Darren Doyle, story and photo:
One local man's Christmas got a little brighter a couple weeks ago after he had someone settle an outstanding bill that was over four decades old.
Chalybeate resident Carlton Skaggs, (84), who owned and operated Parker Hardware on the square in Brownsville from 1977 to 1986, said he received a strange phone call a couple weeks ago from a man that said he needed to pay an outstanding bill.
"I told him that I didn't know him and that all those books had been thrown away," Skaggs said. "I told him he didn't owe me nothing. I really thought it was just somebody playing a joke."
He said not long after the phone call, a man showed up at his residence and said he was there to pay the outstanding bill.
"I didn't recognize the man and still didn't know who he was after he told me his name," (Skaggs asked us not to mention his name). "He said he bought a chainsaw from me back years ago but he needed about a month to pay for it and that I told him I'd give him a month. I told the guy that I didn't remember any of that and that he didn't owe me anything because all those books and the bills were long gone. I told him he'd made a mistake but that's when he reached in his pocket and pulled out the invoice that was sent to him in July of 1978. He had the Parker Hardware invoice for a chainsaw for $110 with $24 interest added to it."
Skaggs said the man said he couldn't pay the bill when it was due and he kept putting it off, later and later. He said before he knew it, decades had passed but he never forgot about it.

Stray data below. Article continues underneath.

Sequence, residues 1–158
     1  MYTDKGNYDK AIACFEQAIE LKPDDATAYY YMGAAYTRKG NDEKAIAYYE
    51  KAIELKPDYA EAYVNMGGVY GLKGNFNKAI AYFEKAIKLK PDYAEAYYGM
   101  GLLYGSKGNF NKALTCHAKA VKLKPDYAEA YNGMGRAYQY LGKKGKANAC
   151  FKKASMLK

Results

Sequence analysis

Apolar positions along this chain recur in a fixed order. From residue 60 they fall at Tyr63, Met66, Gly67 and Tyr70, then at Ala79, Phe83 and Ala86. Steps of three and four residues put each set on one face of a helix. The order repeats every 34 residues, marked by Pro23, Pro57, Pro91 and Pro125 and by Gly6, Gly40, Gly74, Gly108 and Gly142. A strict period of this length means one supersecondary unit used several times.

"He just apologized and apologized and said it had bothered him all these years," Skaggs said. "He told me he wasn't leaving until he paid that bill. Not just that, but he wanted to pay the interest over all those years. I just kept telling him don't worry about it and he didn't owe me anything but he wouldn't have it."
Skaggs said the man was insistent on paying the bill, plus interest, and he wouldn't take no for an answer.
"I told him if it meant that much, just pay the $110 and we'd call it square. He pulled out five 20s and a ten, handed me the invoice and asked me to mark it paid. I did and handed it back to him. He cried a little and I did, too. We hugged each other and he left."
Skaggs said it was good to see someone want to do the right thing, although he had forgotten all about it.
Skaggs bought Parker Hardware from the late Vollie and Evelyn Parker in January of 1977. It was located on the corner of Main Cross Street and Washington Street. It is now the corner parking lot of Limestone Bank.
"I know the money will sure be handy right around Christmastime," Skaggs said.